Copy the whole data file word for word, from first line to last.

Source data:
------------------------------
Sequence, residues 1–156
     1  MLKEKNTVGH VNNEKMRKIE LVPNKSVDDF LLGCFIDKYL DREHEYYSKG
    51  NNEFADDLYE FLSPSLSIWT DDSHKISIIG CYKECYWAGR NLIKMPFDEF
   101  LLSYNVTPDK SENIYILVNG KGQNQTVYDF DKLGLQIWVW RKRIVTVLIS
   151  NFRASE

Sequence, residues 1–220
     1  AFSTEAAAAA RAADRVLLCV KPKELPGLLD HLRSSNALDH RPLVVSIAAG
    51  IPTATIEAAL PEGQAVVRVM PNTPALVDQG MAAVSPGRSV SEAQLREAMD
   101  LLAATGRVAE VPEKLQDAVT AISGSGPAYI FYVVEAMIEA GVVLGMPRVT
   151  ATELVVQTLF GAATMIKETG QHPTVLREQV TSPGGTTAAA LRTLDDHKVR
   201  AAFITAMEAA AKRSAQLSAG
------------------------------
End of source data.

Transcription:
Sequence, residues 1–156
     1  MLKEKNTVGH VNNEKMRKIE LVPNKSVDDF LLGCFIDKYL DREHEYYSKG
    51  NNEFADDLYE FLSPSLSIWT DDSHKISIIG CYKECYWAGR NLIKMPFDEF
   101  LLSYNVTPDK SENIYILVNG KGQNQTVYDF DKLGLQIWVW RKRIVTVLIS
   151  NFRASE

Sequence, residues 1–220
     1  AFSTEAAAAA RAADRVLLCV KPKELPGLLD HLRSSNALDH RPLVVSIAAG
    51  IPTATIEAAL PEGQAVVRVM PNTPALVDQG MAAVSPGRSV SEAQLREAMD
   101  LLAATGRVAE VPEKLQDAVT AISGSGPAYI FYVVEAMIEA GVVLGMPRVT
   151  ATELVVQTLF GAATMIKETG QHPTVLREQV TSPGGTTAAA LRTLDDHKVR
   201  AAFITAMEAA AKRSAQLSAG